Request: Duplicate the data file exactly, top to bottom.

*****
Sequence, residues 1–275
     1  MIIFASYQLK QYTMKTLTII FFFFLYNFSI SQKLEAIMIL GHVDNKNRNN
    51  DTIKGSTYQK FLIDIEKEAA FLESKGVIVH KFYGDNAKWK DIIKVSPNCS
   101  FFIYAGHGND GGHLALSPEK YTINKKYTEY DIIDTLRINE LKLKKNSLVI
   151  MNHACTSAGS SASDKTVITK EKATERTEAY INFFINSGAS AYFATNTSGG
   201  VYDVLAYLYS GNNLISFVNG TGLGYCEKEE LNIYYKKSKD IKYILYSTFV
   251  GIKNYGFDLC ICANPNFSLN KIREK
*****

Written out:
Sequence, residues 1–275
     1  MIIFASYQLK QYTMKTLTII FFFFLYNFSI SQKLEAIMIL GHVDNKNRNN
    51  DTIKGSTYQK FLIDIEKEAA FLESKGVIVH KFYGDNAKWK DIIKVSPNCS
   101  FFIYAGHGND GGHLALSPEK YTINKKYTEY DIIDTLRINE LKLKKNSLVI
   151  MNHACTSAGS SASDKTVITK EKATERTEAY INFFINSGAS AYFATNTSGG
   201  VYDVLAYLYS GNNLISFVNG TGLGYCEKEE LNIYYKKSKD IKYILYSTFV
   251  GIKNYGFDLC ICANPNFSLN KIREK